Establish ground rules

The ground rules for the group should be established, voted upon and implemented at the initiation of each year and regularly reviewed. Rules regarding confidentiality of the discussion points, the non-existence of right or wrong answers, and the right to express one’s opinion without being ridiculed are some examples of ground rules [11,12]. For some groups, requirements set out may include, but are not limited to: attendance, voting procedures, elections, membership (officers, committees, general membership, probationary terms), and purpose of the group, etc.
The young advisors should also be given the opportunity to voice additional ground rules. Each session should include introductions, discussion, and wrap-up.

During a meeting, the coordinator must ensure that all YPAG members have the opportunity to participate; know when and how to elicit input, more information, or clarification from an individual using verbal and non-verbal feedback; limit the development of conformity of viewpoints from the youth; be watchful of hierarchies that may develop as a result of a few individuals dominating the discussions [13]; and reorient group conversation if digressions occur [11]. The coordinator should wrap-up the meeting by summarizing the chief comments from the group and thanking all parties.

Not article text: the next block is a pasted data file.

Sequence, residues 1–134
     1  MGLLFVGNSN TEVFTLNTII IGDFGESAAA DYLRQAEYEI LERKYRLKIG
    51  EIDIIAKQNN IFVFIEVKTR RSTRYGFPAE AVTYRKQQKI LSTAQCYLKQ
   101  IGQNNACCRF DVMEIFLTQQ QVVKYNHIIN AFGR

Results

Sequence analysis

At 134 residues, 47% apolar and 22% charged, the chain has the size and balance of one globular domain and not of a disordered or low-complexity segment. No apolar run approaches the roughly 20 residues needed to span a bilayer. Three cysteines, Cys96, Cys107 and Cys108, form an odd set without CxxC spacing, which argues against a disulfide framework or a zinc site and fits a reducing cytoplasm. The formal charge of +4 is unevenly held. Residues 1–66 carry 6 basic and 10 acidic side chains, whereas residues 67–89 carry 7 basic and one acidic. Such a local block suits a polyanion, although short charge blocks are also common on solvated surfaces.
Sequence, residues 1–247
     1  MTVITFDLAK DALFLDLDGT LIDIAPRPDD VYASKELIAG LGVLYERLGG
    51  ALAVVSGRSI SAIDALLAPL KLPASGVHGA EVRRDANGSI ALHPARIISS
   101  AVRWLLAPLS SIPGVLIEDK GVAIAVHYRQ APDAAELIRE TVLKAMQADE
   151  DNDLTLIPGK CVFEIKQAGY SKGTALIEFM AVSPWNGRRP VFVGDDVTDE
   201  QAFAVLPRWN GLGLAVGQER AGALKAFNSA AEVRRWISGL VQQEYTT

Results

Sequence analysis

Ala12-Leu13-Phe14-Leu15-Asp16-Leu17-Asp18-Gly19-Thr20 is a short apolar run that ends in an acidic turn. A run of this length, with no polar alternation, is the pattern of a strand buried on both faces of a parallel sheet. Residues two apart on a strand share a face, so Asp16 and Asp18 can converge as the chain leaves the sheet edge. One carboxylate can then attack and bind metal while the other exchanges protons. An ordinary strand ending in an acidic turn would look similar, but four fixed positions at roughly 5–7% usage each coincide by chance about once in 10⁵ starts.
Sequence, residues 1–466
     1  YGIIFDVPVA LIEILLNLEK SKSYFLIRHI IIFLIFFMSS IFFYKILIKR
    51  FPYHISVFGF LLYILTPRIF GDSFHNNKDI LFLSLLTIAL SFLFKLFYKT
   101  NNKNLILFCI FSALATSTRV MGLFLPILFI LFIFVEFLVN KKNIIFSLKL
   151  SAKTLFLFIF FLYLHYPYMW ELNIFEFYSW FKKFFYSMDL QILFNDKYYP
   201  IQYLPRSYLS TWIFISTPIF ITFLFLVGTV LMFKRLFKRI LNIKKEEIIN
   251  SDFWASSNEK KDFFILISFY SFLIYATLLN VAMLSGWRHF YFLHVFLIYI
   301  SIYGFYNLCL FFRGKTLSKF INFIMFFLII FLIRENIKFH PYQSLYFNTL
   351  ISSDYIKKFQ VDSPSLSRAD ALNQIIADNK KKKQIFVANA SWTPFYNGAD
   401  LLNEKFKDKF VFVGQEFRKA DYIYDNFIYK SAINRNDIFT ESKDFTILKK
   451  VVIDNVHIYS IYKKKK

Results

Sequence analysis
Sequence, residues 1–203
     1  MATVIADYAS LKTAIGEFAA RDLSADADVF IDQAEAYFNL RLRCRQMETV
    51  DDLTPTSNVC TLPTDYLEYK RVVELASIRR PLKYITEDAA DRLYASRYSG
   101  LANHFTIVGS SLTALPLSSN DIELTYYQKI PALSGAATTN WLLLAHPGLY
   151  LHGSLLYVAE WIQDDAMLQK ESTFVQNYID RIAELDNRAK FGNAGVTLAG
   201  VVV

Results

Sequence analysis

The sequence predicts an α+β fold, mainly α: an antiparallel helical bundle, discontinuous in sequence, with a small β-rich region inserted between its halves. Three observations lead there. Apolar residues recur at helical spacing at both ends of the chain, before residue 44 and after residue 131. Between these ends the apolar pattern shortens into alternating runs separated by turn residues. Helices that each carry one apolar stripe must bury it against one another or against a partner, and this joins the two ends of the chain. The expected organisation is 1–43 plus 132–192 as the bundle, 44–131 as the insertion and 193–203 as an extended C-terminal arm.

Discussions with visiting researchers should be held a priori to ensure they understand the need to maintain lay language, host interactive sessions, and maintain open discussions with questions that will not sway member opinions.


[11] Peterson-Sweeney K. The use of focus groups in pediatric and adolescent research. J Pediatr Health Care. 2005;19(2):104-10.
[12] Kennedy C, Kools S, Kreuger R. Methodological Considerations in Children’s Focus Groups. Nurs Res. 2001;50(3):184-7.
[13] Horner SD. Using focus group methods with middle school children. Res Nurs Health. 2000;23(6):510-7.

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